Below I have included my own video of August Reverie 2: Epic flip through, which includes 4 completed pictures. You can also see these completed pictures below, with commentary on what I used and my inspiration behind my colour choices. After completing this pictures I am still very much in love with this book. My only issues with this book is that the thinness of the paper and although the tooth is lovely I was not able to cover those stray hairs with pencil. In some pictures is brought the hair to life and in others it came across a little too prominent. Other then that the tooth of the paper is lovely and the artwork is just spectacular. Any more pictures that I colour from this book in the future will be added to my gallery for August Reverie 2: Epic.

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Book Review: Colouring Heaven Fairytale Special

This months Colouring Heaven magazine released in Australia is the Fairytales Special (Issue 36). I was pretty excited about months issue, since it features the artwork of Hannah Lynn. I don’t have any of Hannah colouring books, but I have seen the beautiful coloured works by other colourist. I was considering ordering one of her most recent colouring books, Fairy Tale Princesses & Storybook Darlings Coloring. However, when I saw some of the artwork was going to be featured in this Colouring Heaven I was pretty happy to get a chance to try out her style. This edition actually came out a little later then usual, so after about three visits to BigW I finally got my copy.

Before I show you my completed work I will tell you a bit about the featuring artist, Hannah Lynn. Also if you haven’t heard about Colouring Heaven Magazine see my previous post for more information. Hannah Lynn is a self-taught artist based in Idaho Falls, in Idaho, USA. She was an avid colourist growing up and didn’t train to be an artist. However, her passion for art lead her to make her own artwork, as well as self-publishing and illustrating her own all ages colouring books since 2006.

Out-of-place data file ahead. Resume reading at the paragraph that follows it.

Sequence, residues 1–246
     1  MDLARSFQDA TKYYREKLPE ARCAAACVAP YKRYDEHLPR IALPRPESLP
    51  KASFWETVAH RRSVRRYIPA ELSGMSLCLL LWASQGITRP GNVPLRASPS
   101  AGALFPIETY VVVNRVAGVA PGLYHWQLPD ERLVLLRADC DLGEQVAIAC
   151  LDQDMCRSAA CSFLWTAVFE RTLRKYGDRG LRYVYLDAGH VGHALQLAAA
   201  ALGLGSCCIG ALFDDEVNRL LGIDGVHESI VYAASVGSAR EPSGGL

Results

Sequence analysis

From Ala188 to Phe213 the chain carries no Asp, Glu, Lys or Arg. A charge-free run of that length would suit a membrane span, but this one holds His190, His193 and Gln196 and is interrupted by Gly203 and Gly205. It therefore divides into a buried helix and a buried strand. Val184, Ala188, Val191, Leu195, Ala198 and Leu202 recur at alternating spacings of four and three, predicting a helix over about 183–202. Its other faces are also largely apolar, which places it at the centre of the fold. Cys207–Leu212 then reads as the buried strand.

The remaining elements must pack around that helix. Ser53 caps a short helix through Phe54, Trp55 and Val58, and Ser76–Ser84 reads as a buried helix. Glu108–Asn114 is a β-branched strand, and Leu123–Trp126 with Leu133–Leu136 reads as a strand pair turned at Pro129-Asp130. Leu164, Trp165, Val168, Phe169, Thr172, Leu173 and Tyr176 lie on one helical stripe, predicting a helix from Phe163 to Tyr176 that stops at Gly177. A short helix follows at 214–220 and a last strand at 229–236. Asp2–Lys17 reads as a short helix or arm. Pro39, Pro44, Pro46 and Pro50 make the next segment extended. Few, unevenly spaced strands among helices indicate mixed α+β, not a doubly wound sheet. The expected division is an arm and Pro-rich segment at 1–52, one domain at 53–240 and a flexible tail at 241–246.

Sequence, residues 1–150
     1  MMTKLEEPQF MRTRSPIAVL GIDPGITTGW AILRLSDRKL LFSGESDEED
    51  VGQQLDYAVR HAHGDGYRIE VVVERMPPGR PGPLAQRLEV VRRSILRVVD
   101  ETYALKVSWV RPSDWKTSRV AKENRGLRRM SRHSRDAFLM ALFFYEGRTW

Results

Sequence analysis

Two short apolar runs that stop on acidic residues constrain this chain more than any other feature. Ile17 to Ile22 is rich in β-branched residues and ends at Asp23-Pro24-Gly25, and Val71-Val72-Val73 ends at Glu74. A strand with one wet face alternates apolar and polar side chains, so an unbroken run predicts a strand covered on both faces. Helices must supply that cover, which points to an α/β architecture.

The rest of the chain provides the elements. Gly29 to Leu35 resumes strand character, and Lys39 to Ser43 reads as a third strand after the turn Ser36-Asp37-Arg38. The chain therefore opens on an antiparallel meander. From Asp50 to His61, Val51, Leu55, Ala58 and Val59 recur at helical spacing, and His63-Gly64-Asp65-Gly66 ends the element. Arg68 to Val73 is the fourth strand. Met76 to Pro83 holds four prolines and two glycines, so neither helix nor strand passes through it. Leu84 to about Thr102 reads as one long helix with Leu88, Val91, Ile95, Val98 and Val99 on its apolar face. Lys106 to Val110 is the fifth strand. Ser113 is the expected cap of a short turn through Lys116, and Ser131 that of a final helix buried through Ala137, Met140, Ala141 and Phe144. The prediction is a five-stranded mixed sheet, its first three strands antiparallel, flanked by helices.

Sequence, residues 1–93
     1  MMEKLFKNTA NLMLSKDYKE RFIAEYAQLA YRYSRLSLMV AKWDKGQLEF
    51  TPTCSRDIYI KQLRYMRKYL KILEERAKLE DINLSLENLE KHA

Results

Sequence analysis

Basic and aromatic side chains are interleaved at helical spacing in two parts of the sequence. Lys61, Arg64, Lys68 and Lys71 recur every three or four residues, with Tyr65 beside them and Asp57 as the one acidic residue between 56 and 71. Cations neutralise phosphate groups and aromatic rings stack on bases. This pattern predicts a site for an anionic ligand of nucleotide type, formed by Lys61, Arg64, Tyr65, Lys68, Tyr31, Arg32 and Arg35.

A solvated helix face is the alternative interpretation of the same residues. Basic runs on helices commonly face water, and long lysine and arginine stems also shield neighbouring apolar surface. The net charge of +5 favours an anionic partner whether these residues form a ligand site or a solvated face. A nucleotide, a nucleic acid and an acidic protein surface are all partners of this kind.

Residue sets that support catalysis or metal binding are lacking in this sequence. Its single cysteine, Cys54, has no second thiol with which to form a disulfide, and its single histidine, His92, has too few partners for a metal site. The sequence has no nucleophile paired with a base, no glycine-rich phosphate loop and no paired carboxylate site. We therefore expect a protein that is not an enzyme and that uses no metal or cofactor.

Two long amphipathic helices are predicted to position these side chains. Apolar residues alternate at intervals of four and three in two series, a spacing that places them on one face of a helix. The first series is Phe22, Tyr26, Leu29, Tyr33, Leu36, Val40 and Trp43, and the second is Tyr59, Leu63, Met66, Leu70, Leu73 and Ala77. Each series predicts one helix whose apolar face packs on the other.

Hannah has published about ten colouring books to date. They all have her signature style of sweet and whimsical big eyed girls with elaborate hair and costumes. Although they are quite 2D it doesn’t take much to bring these beautiful images alive, not matter your skill level. Most of the colouring  books follow different themes so they are quite unique, but there not deny who the artist is when you see any image from her books. These  books can also be purchased as PDF. Hannah also often gives away free sample PDF from her books. In fact if  you sign up to the Hannah Lynn Vip Lounge Subscription, you get a free exclusive colouring page and a few other treats.

The Fairytale Special issue, it features the 40 pages of line art, on single sided paper. All of the work has been taken from Hannah’s previous books, except for one. This exclusive page is the second page of Beauty and the Beast. The majority seem to be from the Fairy Tale Princesses & Storybook Darlings Coloring Book However, there are a couple from Mermaids, Fairies & Other Girls of Whimsy Coloring Book and Sweet & Simple Whimsy Girls: Mermaids and More Coloring Book. As with most Colouring Heaven magazine the images are named on the corresponding page, by character or theme. Something that is a advantage of purchasing her work in this magazine edition is the paper quality. I have seen from other reviews that the paper quality in Hannah’s book is Amazon Createspace paper. This is ideal for markers but not so great for pencils and not advisable for watercolour. However, if  you can’t get a hold of this magazine, but you would still love to colour her work the paper quality bothers you, you can still purchase the PDF copies of the book and print it out yourself.

For this issue I coloured three pictures and using a few different coloured pencil brands. I also made a video flip through, which is up on my Youtube channel. You can also see more Colouring Heaven Magazine book reviews and completed pictures on my Colouring Book Reviews  and Colouring Galleries pages. As well as any new pages completed from this issue on my Colouring Heaven Fairytale Special gallery. I really did love colouring Hannah’s work, so hopefully I will be able to do a few more from this book in the near future.

 

 

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Book Review: Colouring Heaven Misfits Special

This months Colouring Heaven magazine released in Australia is the Misfits Special (issue 35).  It showcases the art of White Stag aka Terra Bidlespacher. I wasn’t sure if I was going to keep buying this magazine every month, but when I saw this issue I really liked the quirky artwork and wanted to see how I would go colouring this style. I really enjoyed it, so I have brought you another colouring book review for today.